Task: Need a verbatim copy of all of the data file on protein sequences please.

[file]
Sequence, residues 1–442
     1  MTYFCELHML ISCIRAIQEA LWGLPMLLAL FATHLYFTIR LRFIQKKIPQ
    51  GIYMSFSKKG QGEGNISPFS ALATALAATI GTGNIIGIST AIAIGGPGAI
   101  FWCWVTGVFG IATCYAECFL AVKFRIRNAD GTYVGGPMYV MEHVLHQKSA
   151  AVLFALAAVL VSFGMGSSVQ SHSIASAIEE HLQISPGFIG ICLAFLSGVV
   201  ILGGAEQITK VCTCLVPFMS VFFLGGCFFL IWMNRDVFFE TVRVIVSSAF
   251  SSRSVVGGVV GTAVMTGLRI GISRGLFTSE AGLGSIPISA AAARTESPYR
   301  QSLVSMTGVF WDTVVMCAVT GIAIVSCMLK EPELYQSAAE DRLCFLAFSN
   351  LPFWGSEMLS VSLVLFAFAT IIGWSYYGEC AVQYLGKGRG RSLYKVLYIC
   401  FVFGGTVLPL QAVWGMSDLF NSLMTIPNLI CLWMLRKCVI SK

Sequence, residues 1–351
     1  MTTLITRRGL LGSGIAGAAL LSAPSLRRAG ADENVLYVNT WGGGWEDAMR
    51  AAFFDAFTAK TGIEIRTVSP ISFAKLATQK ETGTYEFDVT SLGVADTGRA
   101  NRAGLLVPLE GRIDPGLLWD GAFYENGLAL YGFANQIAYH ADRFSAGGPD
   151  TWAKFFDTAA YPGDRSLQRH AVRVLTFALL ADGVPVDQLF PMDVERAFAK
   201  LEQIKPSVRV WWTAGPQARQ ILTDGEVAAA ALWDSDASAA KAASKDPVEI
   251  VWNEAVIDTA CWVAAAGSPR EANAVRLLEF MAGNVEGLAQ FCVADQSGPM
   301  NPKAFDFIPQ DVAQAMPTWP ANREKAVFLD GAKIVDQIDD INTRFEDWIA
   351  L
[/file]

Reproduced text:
Sequence, residues 1–442
     1  MTYFCELHML ISCIRAIQEA LWGLPMLLAL FATHLYFTIR LRFIQKKIPQ
    51  GIYMSFSKKG QGEGNISPFS ALATALAATI GTGNIIGIST AIAIGGPGAI
   101  FWCWVTGVFG IATCYAECFL AVKFRIRNAD GTYVGGPMYV MEHVLHQKSA
   151  AVLFALAAVL VSFGMGSSVQ SHSIASAIEE HLQISPGFIG ICLAFLSGVV
   201  ILGGAEQITK VCTCLVPFMS VFFLGGCFFL IWMNRDVFFE TVRVIVSSAF
   251  SSRSVVGGVV GTAVMTGLRI GISRGLFTSE AGLGSIPISA AAARTESPYR
   301  QSLVSMTGVF WDTVVMCAVT GIAIVSCMLK EPELYQSAAE DRLCFLAFSN
   351  LPFWGSEMLS VSLVLFAFAT IIGWSYYGEC AVQYLGKGRG RSLYKVLYIC
   401  FVFGGTVLPL QAVWGMSDLF NSLMTIPNLI CLWMLRKCVI SK

Sequence, residues 1–351
     1  MTTLITRRGL LGSGIAGAAL LSAPSLRRAG ADENVLYVNT WGGGWEDAMR
    51  AAFFDAFTAK TGIEIRTVSP ISFAKLATQK ETGTYEFDVT SLGVADTGRA
   101  NRAGLLVPLE GRIDPGLLWD GAFYENGLAL YGFANQIAYH ADRFSAGGPD
   151  TWAKFFDTAA YPGDRSLQRH AVRVLTFALL ADGVPVDQLF PMDVERAFAK
   201  LEQIKPSVRV WWTAGPQARQ ILTDGEVAAA ALWDSDASAA KAASKDPVEI
   251  VWNEAVIDTA CWVAAAGSPR EANAVRLLEF MAGNVEGLAQ FCVADQSGPM
   301  NPKAFDFIPQ DVAQAMPTWP ANREKAVFLD GAKIVDQIDD INTRFEDWIA
   351  L